NEW YORK Yahoo (YHOO.O) President Susan Decker defended the company's Web search advertising deal with larger rival Google (GOOG.O), saying some investors and industry participants had yet to understand its advantages.
In an interview with Reuters on Friday, she would not discuss reports of an executive exodus and an impending reorganization of the company's products division that sent Yahoo shares down more than 3 percent on Friday.
Decker focused comments on concerns that the Google deal eventually would cut into Yahoo's competitive position against Google, which has steadily grown an already-dominant share in the search market.
Yahoo still aims to build up its position in search and views it as inseparable from bolstering growth in other online ad markets, such as graphical display. Tests the two companies had conducted also showed the deal would not prevent Yahoo's Panama search advertising system from gaining ground.
The deal would help Yahoo make money off of less-used search terms, for one, she said.
"It is really a back-fill in places where we're not doing much business," Decker said. "It's our choice every day whether and how we might serve ads from Yahoo or Google, or a third party if we opened it up further."
Shares in Yahoo are down 16 percent since the company ended buyout talks with Microsoft (MSFT.O) last week and instead forged a non-exclusive ad deal with Google for up to 10 years.
Investor concerns over Yahoo's future have also mounted amid daily reports of executives leaving, including Jeff Weiner, executive vice president of its network division, and Qi Lu, the top engineer for Panama.
Some of those departures may stem from efforts to reorganize Yahoo's products group -- including e-mail and search -- and integrate their operations on a global level.
Yahoo's chief executive and co-founder, Jerry Yang, has been making the rounds in Washington to explain the Google deal as some lawmakers express concern about its effect on consumer privacy and advertising rates.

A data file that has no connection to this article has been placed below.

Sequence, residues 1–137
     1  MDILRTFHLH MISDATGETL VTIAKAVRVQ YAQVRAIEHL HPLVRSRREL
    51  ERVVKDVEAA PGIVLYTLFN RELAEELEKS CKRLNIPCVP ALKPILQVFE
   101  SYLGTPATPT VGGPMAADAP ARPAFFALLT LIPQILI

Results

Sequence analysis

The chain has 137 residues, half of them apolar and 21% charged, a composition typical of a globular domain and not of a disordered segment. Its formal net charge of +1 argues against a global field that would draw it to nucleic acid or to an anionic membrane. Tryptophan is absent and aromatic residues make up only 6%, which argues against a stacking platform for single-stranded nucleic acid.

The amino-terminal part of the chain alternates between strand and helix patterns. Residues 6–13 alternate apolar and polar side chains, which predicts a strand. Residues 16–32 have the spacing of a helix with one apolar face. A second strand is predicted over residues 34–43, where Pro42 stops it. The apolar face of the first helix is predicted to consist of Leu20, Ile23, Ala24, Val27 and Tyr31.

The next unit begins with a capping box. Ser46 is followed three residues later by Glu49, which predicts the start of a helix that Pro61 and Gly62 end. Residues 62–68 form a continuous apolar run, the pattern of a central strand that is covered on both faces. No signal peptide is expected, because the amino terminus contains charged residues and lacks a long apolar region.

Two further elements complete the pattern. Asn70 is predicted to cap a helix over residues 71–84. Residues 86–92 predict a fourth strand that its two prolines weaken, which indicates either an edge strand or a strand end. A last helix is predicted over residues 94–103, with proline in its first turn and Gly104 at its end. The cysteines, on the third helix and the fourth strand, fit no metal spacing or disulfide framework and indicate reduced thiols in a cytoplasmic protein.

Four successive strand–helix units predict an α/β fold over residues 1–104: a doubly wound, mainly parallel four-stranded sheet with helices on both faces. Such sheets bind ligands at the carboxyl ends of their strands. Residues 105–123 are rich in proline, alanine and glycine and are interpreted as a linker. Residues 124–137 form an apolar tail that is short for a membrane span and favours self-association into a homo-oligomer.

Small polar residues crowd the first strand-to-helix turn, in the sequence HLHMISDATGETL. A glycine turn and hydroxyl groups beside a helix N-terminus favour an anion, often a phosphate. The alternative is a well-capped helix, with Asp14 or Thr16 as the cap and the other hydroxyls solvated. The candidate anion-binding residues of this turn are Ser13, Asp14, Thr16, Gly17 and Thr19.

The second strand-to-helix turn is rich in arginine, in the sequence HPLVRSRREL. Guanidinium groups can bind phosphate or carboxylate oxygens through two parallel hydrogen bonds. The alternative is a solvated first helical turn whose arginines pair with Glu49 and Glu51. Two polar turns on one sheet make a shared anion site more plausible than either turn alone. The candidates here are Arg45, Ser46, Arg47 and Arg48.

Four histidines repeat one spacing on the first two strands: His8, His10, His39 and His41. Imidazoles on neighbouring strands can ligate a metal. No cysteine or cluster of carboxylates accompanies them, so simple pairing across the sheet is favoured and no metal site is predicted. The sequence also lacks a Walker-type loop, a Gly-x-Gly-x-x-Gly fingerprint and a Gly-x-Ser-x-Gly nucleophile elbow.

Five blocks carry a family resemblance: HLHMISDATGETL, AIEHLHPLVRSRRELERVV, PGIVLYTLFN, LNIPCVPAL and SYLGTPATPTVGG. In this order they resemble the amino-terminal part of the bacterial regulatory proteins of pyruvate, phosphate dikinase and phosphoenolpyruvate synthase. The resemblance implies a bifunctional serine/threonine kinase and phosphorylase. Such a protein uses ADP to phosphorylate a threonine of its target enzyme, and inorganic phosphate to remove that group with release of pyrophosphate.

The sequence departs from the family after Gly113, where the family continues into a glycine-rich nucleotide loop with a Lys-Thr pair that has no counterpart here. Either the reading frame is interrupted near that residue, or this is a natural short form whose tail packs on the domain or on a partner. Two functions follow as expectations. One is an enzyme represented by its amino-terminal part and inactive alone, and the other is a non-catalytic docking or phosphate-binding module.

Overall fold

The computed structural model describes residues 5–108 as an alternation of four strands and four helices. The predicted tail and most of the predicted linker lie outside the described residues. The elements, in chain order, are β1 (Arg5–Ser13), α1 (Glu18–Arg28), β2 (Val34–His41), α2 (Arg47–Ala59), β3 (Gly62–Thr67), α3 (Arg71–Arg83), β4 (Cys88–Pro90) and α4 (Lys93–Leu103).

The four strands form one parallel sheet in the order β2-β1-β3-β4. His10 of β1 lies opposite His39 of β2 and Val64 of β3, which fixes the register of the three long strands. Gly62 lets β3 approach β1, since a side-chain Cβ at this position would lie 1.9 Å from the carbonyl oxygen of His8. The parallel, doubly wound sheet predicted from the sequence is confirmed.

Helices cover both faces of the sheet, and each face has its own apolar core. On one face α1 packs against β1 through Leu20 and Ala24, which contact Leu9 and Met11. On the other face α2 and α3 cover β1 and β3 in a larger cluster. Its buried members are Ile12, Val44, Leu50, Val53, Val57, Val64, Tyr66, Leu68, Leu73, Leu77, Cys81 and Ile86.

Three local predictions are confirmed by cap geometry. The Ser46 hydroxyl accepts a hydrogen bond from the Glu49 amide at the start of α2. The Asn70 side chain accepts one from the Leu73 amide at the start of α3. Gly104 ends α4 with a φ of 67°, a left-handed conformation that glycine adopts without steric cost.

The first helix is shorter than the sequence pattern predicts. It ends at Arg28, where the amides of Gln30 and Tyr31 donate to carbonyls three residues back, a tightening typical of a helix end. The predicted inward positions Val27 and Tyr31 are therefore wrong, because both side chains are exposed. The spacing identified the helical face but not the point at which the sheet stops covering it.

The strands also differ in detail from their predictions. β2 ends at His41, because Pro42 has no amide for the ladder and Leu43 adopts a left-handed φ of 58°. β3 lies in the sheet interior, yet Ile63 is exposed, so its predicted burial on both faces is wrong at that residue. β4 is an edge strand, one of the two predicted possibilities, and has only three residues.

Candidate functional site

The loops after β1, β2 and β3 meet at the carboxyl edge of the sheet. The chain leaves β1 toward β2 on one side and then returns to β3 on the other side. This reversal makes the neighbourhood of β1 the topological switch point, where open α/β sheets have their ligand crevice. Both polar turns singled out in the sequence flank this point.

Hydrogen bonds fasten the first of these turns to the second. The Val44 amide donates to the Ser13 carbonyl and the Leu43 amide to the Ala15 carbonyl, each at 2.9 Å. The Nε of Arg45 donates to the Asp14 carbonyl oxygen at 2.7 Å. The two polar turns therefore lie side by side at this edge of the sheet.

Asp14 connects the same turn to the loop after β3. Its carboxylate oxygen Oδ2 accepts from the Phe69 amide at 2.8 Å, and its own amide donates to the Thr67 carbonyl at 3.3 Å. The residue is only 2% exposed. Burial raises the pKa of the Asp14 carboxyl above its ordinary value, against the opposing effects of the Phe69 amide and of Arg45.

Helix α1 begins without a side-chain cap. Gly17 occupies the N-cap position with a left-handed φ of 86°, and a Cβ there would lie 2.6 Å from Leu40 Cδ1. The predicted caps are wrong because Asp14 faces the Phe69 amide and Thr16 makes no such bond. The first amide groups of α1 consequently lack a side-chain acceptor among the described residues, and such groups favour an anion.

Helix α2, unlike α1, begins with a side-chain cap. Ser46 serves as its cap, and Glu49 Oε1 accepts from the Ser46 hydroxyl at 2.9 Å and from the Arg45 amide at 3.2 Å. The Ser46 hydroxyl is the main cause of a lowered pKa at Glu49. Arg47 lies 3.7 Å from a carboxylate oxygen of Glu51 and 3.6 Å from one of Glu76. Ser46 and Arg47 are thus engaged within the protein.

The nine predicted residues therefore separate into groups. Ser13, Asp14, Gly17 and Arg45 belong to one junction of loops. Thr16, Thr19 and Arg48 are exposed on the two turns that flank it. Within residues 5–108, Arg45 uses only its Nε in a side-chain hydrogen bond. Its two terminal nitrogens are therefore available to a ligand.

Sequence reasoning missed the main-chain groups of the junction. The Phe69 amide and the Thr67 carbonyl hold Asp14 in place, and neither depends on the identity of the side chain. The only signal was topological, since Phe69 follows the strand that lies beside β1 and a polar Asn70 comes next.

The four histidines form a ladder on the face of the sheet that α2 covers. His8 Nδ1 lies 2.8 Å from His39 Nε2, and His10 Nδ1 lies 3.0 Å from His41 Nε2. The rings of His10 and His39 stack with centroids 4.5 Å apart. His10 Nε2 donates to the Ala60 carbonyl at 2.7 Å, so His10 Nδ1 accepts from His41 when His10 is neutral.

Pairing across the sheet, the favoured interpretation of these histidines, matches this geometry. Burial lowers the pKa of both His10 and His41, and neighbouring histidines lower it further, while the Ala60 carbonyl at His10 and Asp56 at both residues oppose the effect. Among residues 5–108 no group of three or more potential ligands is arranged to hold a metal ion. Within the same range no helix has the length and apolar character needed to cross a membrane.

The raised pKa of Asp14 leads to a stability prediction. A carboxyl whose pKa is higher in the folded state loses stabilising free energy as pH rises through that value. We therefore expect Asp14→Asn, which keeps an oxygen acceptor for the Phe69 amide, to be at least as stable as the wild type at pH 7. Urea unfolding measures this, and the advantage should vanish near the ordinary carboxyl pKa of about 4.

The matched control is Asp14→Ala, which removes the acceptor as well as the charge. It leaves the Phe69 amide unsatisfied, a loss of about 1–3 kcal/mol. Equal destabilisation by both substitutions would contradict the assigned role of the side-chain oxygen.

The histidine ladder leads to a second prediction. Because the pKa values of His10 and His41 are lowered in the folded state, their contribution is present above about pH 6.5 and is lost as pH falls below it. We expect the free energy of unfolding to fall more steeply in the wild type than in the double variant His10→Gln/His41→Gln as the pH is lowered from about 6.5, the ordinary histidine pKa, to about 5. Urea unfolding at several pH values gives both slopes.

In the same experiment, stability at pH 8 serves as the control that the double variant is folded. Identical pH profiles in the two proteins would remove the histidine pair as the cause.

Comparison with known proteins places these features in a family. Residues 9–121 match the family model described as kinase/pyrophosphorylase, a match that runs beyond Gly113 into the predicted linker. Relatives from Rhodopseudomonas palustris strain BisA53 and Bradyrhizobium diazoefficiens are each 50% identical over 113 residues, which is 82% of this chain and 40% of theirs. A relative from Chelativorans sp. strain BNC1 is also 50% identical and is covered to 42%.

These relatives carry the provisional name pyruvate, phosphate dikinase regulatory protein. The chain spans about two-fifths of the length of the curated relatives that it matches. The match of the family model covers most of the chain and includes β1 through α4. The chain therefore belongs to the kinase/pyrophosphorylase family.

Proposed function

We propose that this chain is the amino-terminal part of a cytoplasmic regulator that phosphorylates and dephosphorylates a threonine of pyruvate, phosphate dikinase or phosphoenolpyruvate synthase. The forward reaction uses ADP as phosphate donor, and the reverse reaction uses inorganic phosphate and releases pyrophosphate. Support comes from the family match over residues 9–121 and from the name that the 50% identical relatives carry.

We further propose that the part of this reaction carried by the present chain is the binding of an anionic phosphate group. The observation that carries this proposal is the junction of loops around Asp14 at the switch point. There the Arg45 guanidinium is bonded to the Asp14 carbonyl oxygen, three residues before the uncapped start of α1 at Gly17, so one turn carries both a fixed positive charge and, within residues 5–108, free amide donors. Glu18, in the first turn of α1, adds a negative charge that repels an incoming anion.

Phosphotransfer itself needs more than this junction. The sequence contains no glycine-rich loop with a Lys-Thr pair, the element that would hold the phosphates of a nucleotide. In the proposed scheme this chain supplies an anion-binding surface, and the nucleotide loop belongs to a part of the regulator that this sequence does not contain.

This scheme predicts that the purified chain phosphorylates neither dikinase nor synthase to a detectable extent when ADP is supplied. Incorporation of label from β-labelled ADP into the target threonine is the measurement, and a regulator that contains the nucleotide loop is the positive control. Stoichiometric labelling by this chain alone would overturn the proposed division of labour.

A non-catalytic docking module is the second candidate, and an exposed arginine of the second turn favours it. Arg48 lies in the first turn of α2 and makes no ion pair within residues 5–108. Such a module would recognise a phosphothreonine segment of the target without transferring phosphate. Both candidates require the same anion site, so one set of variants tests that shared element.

Decker said the deal has been positively received by advertisers and publishing partners, even if investors have not warmed to it as a long-term means of boosting growth.
"This is a unique deal. The market and the participants are still getting their arms around what this means," Decker said.
"It's not a wholesale or even partial getting out of a business, and that's where I think there's been a lot of noise from various parties that are trying to characterize it as something different," she said.
Yahoo has courted support for the deal from leading advertising executives, including Publicis (PUBP.PA) Chief Executive Maurice Levy, who describe it as creating a more open marketplace for them to reach audiences.
"This makes far more sense to me than jettisoning their search business, which would have been a mistake in the long run," Levy said in a statement.
Yahoo has estimated the Google deal could add up to $450 million (228 million pounds) in operating cash flow in its first year.
Investors have also questioned whether it measures up to Microsoft's most recent proposal to take a stake in Yahoo and buy its search business for $9 billion, saying that deal would add $1 billion to Yahoo's operating profit. Last month, Microsoft abandoned a full $47.5 billion takeover offer.
One investor, Mark Nelson of Mithras Capital, has urged Microsoft to bring its proposal directly to shareholders ahead of Yahoo's annual meeting on August 1, where the company faces a proxy battle with billionaire Carl Icahn.
Yahoo shares fell 74 cents to $21.99 on Friday.
(Editing by Braden Reddall)